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Why it’s impossible to debunk a social-media conspiracy theory

The next time you see a post about vaccines causing autism, don't even bother trying to correct it.


Patrick Howell O'Neill


Posted on Oct 16, 2015   Updated on May 27, 2021, 7:22 pm CDT

Lies spread fast on Facebook. Once they do, it’s nearly impossible to change anyone’s mind.

The accusation that Jade Helm, a U.S. military training exercise, was the beginning of a civil war originated on Facebook. Conspiracy theories about ebola, autism, and global warming all thrive on the world’s largest social network. Facebook feeds are filled with unsubstantiated conspiracy theories. And even though many thousands of attempts have been made to debunk them, those efforts are mostly futile, according to new European research that studied 54 million American Facebook users over a five-year period.

Social networks like Facebook and Twitter are fertile ground for misinformation, the researchers found, because the websites cultivate powerful echo chambers that not only amplify falsehoods but also aggressively resist any attempts to correct them.

Researchers looked at nearly 50,000 posts debunking false information and found that most of them were wasted efforts. In fact, the people most likely to respond to factual debunkings on Facebook were the most committed conspiracy theorists. When a debunker comes along, the conspiracy theorists often react negatively. The debunking often achieves the opposite of the intended effect.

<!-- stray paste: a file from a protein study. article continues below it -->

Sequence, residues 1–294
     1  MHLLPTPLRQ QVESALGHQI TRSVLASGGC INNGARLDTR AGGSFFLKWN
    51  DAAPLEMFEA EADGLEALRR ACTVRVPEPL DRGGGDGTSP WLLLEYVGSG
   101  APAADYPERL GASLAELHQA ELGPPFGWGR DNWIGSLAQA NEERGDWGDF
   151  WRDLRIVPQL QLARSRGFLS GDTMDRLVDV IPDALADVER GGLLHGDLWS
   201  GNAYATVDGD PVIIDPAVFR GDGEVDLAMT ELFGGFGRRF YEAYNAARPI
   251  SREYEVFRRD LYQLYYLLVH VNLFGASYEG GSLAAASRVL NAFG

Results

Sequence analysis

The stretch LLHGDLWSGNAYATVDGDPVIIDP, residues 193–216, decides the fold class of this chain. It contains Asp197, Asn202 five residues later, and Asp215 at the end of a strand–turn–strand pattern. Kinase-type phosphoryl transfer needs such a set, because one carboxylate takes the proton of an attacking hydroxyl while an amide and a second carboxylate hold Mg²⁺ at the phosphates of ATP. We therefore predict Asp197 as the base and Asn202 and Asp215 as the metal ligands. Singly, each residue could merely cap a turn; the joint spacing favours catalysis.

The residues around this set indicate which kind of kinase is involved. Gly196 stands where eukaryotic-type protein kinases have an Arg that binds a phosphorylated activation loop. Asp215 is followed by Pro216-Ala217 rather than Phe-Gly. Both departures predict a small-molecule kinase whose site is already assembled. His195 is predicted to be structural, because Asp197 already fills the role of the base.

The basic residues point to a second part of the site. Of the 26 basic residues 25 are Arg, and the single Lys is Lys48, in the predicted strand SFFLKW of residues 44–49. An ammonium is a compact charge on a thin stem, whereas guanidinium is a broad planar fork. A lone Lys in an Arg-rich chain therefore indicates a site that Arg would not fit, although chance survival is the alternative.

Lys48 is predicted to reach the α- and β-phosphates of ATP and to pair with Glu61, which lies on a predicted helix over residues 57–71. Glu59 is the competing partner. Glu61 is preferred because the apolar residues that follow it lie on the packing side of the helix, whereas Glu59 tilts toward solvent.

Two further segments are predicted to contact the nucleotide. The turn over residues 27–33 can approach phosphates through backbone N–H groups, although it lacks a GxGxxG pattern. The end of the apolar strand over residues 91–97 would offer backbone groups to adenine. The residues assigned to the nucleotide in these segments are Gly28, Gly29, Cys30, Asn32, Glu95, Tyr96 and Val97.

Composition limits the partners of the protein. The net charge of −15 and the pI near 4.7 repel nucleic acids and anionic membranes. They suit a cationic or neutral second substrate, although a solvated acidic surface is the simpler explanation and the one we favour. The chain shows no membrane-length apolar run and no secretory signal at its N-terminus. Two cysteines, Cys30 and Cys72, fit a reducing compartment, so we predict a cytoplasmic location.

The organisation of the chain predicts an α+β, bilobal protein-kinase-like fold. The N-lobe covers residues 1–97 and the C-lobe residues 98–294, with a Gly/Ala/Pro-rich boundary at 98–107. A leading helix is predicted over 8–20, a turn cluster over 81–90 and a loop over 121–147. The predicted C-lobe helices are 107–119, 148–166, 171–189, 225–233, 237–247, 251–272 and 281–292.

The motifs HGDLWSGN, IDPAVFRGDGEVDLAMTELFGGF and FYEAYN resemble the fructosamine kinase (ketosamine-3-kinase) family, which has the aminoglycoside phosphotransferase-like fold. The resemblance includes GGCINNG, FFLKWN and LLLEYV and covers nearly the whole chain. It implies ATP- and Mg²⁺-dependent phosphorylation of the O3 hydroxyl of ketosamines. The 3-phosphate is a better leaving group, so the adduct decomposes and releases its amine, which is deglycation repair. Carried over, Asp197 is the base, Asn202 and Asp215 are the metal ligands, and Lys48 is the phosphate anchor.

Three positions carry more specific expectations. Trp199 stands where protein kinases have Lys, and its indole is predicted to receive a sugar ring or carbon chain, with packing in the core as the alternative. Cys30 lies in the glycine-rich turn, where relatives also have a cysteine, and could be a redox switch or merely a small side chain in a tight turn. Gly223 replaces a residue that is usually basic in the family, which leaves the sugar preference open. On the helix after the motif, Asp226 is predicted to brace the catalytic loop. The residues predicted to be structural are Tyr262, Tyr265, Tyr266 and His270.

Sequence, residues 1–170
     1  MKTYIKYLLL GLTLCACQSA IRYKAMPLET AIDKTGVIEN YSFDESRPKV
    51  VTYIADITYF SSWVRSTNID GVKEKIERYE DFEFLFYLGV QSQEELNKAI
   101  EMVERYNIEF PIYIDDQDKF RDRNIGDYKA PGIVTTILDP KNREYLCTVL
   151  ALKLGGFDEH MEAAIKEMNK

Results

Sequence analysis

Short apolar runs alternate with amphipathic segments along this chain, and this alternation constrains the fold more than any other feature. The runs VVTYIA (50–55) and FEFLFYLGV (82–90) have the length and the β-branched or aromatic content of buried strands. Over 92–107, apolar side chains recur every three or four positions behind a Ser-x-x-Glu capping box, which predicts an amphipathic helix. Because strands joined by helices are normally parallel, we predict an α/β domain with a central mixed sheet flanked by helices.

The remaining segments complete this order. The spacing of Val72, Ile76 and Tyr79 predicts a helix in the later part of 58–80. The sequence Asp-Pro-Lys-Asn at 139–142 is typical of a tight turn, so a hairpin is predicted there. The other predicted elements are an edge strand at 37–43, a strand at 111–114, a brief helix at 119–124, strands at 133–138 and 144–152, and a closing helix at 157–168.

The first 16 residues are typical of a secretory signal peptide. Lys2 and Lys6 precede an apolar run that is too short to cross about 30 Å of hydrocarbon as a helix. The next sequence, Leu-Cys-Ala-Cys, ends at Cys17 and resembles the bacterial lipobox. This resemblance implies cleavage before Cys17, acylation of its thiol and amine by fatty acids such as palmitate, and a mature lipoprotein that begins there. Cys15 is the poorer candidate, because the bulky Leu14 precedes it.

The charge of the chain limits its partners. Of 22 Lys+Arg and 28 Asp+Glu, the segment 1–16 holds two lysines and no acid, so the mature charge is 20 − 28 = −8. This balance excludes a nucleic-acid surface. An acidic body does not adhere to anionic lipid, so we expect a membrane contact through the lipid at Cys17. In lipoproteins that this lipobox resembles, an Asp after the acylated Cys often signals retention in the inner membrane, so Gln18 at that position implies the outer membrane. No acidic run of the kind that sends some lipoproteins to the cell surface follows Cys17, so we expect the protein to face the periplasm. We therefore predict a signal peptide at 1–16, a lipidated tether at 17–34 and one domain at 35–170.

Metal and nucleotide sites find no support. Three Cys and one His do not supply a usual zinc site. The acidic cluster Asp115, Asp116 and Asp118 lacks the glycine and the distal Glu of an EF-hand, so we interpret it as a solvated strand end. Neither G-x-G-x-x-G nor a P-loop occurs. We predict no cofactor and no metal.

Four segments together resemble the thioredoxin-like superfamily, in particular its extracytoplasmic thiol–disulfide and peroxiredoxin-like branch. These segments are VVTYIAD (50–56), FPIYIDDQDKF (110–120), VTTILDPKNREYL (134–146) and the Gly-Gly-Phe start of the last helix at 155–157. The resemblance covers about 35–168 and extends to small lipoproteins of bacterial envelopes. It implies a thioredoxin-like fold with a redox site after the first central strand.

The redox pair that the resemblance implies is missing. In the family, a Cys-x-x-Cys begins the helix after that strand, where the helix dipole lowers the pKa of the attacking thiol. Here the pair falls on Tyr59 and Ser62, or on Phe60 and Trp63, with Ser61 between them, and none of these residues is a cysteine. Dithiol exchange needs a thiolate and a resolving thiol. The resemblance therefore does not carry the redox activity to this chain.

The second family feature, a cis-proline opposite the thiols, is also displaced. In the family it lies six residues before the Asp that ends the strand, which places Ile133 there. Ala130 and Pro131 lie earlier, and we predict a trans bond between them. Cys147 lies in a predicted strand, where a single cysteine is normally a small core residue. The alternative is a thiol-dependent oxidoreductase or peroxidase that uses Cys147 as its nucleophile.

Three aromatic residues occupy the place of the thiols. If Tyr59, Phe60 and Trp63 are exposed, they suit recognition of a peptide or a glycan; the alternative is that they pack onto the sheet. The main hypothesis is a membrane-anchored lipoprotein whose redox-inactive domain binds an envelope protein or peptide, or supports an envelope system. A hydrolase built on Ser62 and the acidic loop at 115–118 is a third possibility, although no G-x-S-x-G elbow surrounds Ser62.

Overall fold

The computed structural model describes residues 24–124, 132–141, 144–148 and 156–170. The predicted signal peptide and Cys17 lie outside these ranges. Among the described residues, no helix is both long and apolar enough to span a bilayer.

“Indeed, after interacting with debunking posts, users retain, or even increase, their engagement within the conspiracy echo chamber,” the researchers found.

Gullibility isn’t the only problem. Another issue is the gravitational power of the echo chambers that spread and enhance misinformation. It’s difficult to leave the echo behind.

“We mean the tendency to persist in condition that is coherent with the existing system of beliefs of the individual,” researcher Walter Quattrociocchi told the Daily Dot. “Often opinions are grounded on personal attitudes, beliefs, experiences. A mother that has to vaccinate her kids when listening to the huge amount of information against vaccination will reinforce her caring.”

“The driver of content selection is confirmation bias in the disintermediated environment of the Internet,” Quattrociocchi said. “Everyone can reach the version he likes the most and find the people sharing the same view, that’s the echo-chamber. e.g. vegans will totally ignore information against their narrative.”

Companies like Facebook and Google are trying to beat misinformation with algorithms and crowdsourcing, but they haven’t solved the problem.

“Conspiracy related contents become popular because they tend to reduce the complexity of reality and convey general paranoia on specific objects and are more affordable by users,” according to the researchers.

The study concluded that the spread of false information can be attributed to increasing mistrust of institutions and increasing information illiteracy in the West.

You can read the entire paper below.

Photo via Moyan Breen/Flickr (CC BY 2.0) | Remix by Max Fleishman

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*First Published: Oct 16, 2015, 9:16 am CDT